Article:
Aday before he begins his term as the 43rd chief justice of India (CJI), T.S. Thakur on Wednesday outlined a plan of action for the year ahead, identifying key areas the Supreme Court will focus on.

Thakur succeeds H.L. Dattu, whose term as CJI ended on Wednesday.

Thakur said the judiciary had an onerous responsibility in making appointments to the Supreme Court and the high courts after the apex court in October struck down a constitutional amendment that sought to give the executive a say in the selection of top judges.

“Striking down of a constitution amendment that aimed at reforming a system... whatever the jurisprudential basis may be... It has made the job of superior judges so much more onerous and difficult," Thakur said.

“People now feel that the Supreme Court has taken upon itself to select judges; let them do so. But let them come up to our expectations. This is a major challenge," he said at a farewell for Dattu.

These are his first comments on the issue since the Supreme Court on 16 October ruled that both the Constitution (Ninety-ninth Amendment) Act, 2014, and the National Judicial Appointments Commission (NJAC) Act, 2014, were unconstitutional.

As the next head of the judiciary, and consequently the head of the collegium—a group of senior apex court judges that will receommend judicial appointments—Thakur’s role will be significant.

The apex court now has four vacancies to fill to reach its full strength of 31 judges. Another judge, justice Vikramajit Sen, is set to retire on 30 December. More than 400 vacancies in the high courts remain to be filled.

On the issue of pending cases, Thakur spoke of a gestation period for cases before they are ready to be heard. According to him, defining the gestation period would reduce case arrears. “We can announce that 2016 will be the year for clearing arrears," Thakur said.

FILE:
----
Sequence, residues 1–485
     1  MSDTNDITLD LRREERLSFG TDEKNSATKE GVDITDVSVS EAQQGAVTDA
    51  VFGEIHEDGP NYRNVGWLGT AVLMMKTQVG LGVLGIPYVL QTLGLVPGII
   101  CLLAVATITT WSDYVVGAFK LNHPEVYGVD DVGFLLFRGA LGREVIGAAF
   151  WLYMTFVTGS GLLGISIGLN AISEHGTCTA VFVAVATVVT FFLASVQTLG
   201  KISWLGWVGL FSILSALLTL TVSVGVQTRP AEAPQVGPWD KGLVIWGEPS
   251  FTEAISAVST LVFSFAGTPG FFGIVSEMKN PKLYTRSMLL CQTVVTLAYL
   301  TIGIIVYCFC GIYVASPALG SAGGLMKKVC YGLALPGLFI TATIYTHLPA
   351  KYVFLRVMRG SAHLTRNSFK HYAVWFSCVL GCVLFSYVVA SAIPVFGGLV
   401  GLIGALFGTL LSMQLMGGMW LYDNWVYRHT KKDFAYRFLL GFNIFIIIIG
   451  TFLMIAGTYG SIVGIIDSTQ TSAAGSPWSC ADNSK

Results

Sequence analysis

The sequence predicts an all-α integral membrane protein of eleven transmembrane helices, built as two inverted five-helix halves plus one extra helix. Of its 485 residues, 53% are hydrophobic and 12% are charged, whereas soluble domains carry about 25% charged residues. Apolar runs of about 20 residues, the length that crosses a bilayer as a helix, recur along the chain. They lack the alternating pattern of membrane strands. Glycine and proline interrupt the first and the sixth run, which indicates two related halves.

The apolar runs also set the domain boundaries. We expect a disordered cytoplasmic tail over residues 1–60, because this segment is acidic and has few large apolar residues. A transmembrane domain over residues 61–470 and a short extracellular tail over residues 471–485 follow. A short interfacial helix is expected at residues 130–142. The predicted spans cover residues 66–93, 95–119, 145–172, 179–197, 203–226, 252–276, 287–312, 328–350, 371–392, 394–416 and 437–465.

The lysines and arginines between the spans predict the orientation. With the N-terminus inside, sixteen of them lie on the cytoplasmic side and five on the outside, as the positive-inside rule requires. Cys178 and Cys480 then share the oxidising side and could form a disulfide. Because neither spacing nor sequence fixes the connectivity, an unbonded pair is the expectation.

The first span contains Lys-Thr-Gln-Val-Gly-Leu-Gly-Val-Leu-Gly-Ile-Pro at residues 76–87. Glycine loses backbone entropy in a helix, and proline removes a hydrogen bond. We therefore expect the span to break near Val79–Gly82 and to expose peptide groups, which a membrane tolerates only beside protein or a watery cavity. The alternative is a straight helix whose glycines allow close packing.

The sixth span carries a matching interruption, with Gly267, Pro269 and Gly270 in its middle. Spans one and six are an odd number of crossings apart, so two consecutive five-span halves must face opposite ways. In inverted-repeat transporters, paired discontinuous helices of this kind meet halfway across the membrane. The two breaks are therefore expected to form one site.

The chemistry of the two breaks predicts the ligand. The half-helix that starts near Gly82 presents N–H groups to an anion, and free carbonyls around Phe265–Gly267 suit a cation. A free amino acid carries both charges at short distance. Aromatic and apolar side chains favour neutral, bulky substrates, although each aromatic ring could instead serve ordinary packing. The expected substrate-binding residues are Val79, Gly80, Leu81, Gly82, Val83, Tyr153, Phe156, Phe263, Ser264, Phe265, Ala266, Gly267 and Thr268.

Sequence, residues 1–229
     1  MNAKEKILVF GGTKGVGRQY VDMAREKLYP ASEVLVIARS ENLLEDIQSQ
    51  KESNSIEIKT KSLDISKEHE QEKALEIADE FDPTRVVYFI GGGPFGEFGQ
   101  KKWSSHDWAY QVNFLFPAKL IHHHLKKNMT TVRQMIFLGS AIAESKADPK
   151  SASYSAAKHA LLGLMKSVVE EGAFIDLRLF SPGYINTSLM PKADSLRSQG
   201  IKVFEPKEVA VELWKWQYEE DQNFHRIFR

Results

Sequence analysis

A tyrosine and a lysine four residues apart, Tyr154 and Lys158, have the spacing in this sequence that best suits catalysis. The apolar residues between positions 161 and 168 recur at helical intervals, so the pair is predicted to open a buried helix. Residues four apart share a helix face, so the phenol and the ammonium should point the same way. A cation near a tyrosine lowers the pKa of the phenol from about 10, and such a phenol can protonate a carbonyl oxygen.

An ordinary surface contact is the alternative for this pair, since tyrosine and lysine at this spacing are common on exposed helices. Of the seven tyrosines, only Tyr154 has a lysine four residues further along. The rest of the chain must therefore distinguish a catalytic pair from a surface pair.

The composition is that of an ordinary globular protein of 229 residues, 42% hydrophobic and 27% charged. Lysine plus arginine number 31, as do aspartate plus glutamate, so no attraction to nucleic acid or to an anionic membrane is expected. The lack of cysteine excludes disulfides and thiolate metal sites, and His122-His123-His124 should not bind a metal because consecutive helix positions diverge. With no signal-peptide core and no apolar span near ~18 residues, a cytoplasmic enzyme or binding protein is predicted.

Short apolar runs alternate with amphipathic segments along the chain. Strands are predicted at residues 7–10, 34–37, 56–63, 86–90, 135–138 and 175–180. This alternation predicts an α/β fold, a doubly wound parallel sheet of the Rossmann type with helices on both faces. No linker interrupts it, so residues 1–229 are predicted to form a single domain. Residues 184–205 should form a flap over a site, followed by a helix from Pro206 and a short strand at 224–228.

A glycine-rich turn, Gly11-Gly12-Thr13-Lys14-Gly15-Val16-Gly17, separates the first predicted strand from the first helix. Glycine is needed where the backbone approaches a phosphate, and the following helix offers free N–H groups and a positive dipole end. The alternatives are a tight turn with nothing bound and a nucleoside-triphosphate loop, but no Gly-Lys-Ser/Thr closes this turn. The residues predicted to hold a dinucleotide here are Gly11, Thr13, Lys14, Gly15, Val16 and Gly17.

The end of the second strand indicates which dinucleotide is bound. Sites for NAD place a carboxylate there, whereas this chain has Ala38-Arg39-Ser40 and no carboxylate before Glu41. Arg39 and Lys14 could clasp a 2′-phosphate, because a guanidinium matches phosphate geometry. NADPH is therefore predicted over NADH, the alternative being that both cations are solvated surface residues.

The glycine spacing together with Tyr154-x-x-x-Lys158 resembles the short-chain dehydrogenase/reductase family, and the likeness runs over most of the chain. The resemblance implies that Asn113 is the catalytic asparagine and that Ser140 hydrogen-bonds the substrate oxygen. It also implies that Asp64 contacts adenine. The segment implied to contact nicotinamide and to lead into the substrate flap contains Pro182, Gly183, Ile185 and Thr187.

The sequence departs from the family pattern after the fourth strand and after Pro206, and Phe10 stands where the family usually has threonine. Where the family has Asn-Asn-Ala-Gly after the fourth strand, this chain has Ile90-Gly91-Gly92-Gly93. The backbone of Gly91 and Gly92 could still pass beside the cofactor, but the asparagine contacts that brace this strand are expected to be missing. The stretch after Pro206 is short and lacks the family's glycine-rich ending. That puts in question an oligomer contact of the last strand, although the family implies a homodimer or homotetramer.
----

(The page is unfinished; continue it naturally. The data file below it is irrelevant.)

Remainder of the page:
Thakur estimated that some 30 million cases are pending across various courts.

“The court should ensure that cases don’t remain pending for the court’s fault. So, if justice Thakur is focusing on cases which are ready to be heard, where parties have fulfilled all requirements, then it’s a good thing," said Alok Prasanna Kumar, head of the judicial reforms wing at Vidhi Centre for Legal Policy, a think tank.

Thakur also spoke of optimally utilizing judicial academies being set up in different states for training judicial officers as well as lawyers.

Thakur said that since allocation of funds for these training facilities were at the cost of competing needs like potable water, roads and other requirements, utilizing them was important.

Thakur asked the Bar Council of India, which sets the standards for legal education, to ensure that law students from all law colleges have access to facilities like well-stocked libraries and other benefits.

The chief justice also spoke about improving judicial infrastructure across states.

“It’s good to have these things on his agenda, but given the fact that he has a tenure of about a year, I don’t know how much he will be able to see them through," Kumar said. “These are the larger issues plaguing the institution, which require deep and serious capacity building at the institutional level. These measures will require at least five years to take effect."